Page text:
Despite Obamanomics' failure to stimulate the economy, Nobel laureate Paul Krugman still believes Washington can solve all that ails us if we would just spend more money we don't have.
Toward that end, the avowed liberal in his Monday New York Times column called for a new New Deal-like program to hire unemployed people to - wait for it - repair roads:
The core of our economic problem is, instead, the debt — mainly mortgage debt — that households ran up during the bubble years of the last decade. Now that the bubble has burst, that debt is acting as a persistent drag on the economy, preventing any real recovery in employment. And once you realize that the overhang of private debt is the problem, you realize that there are a number of things that could be done about it.
For example, we could have W.P.A.-type programs putting the unemployed to work doing useful things like repairing roads — which would also, by raising incomes, make it easier for households to pay down debt.
Ah yes, Franklin Delano Roosevelt's famous Works Progress Administration.
Started in 1935, and peaking in 1938, the program never came close to achieving what proponents had hoped.
The unemployment rate was at 20.1 percent at WPA's commencement. Three years later, it was still 19 percent.
Sounds almost as effective as President Obama's 2009 stimulus plan.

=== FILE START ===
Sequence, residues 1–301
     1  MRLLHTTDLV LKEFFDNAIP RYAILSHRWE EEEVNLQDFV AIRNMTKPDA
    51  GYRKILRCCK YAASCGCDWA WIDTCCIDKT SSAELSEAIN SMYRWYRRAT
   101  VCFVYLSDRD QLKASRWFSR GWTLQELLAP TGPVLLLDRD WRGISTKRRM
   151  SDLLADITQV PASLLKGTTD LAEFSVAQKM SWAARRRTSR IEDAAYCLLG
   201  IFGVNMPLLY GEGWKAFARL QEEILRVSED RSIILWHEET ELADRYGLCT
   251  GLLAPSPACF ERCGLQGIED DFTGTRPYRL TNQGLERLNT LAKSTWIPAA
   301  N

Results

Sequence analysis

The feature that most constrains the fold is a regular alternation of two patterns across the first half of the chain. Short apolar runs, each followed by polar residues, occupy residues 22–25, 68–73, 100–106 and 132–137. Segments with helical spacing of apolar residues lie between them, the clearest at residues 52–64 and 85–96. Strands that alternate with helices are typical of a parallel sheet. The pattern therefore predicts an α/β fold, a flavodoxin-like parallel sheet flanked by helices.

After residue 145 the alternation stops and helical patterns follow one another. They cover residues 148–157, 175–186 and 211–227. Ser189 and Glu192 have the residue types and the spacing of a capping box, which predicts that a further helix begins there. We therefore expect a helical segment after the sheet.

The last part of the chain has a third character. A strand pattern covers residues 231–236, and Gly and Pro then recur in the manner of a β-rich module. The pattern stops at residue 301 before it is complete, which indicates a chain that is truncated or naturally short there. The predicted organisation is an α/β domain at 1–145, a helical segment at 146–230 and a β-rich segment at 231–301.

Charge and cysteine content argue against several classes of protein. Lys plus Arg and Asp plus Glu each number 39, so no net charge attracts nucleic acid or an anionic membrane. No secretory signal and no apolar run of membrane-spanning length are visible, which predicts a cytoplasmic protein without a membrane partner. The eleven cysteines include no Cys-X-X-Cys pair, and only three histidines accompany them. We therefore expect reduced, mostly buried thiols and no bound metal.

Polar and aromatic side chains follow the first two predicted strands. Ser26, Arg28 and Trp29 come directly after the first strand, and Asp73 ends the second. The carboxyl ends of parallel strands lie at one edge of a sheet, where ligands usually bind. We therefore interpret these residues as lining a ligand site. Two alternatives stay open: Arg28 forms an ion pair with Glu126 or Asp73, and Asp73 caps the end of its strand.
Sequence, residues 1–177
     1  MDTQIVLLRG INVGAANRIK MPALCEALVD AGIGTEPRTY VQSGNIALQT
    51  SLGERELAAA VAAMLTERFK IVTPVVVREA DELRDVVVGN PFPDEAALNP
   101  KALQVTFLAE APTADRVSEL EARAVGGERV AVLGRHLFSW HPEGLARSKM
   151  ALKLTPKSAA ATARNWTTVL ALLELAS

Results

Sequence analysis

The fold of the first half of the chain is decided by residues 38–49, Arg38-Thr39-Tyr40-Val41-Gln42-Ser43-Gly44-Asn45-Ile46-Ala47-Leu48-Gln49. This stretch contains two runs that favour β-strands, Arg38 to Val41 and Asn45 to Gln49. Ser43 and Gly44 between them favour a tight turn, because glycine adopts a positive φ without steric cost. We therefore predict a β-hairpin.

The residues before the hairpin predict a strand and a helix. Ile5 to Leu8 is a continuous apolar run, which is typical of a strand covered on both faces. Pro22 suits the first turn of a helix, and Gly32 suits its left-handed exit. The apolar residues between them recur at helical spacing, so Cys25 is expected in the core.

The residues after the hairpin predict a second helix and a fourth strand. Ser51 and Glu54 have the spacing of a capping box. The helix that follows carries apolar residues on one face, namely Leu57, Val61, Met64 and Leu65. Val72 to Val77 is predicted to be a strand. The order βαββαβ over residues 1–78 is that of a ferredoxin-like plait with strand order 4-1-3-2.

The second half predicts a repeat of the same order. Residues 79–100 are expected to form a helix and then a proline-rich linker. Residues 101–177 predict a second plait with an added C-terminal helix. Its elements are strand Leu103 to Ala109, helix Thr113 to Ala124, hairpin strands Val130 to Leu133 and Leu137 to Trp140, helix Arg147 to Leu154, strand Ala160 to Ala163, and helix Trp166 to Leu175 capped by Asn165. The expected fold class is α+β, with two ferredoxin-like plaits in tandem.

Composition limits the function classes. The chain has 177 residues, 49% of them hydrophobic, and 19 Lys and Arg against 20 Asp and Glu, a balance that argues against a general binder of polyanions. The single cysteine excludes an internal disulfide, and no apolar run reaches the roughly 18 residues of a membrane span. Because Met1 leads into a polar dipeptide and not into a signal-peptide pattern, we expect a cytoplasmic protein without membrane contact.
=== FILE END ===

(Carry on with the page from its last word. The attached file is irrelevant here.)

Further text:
Yet what's really hysterical about Krugman pushing this idea now is that in November 2008, he admitted on ABC's "This Week" that it was World War II that ended the Great Depression, not any of FDR's New Deal policies:
PAUL KRUGMAN, NEW YORK TIMES: What actually happened was, you know, there was an enor, there was a collapse in the financial system, which was not restored for a long time. There was a persistent deep slump in consumer demand, and therefore no investment demand and so you're stuck in this trap. Roosevelt got the economy moving somewhat. By 1937 things were a lot better than they were in 1933...
GEORGE WILL: And then they tanked (?)...
KRUGMAN: ...then he was persuaded to balance the budget, or try to, and he raised taxes and cut spending, and the economy went back down again, and it took an enormous public works program known as World War II to bring the economy out of a Depression.
"It took an enormous public works program known as World War II to bring the economy out of a Depression."
Indeed. Which means nothing FDR did prior to that point - including WPA - had its desired effect.
So why propose it now?
Krugman's response might be that we should have a similar public works program today as what we saw during World War II, but let's understand that total federal spending in 1940 was $9.5 billion. By 1945, this had risen almost tenfold to $93 billion.
Such an increase in today's budget would create a deficit greater than $30 trillion making our dollar and our treasury paper totally worthless.
Of course, this isn't specifically what Krugman is suggesting, but if WPA didn't work, and he acknowledges it took an almost tenfold increase in spending to end the Depression, exactly how much does he think would be necessary to get us out of our current economic condition?
In reality, I'm afraid to ask for his answer might be more shocking than what was hiding in Norman Bates's fruit cellar.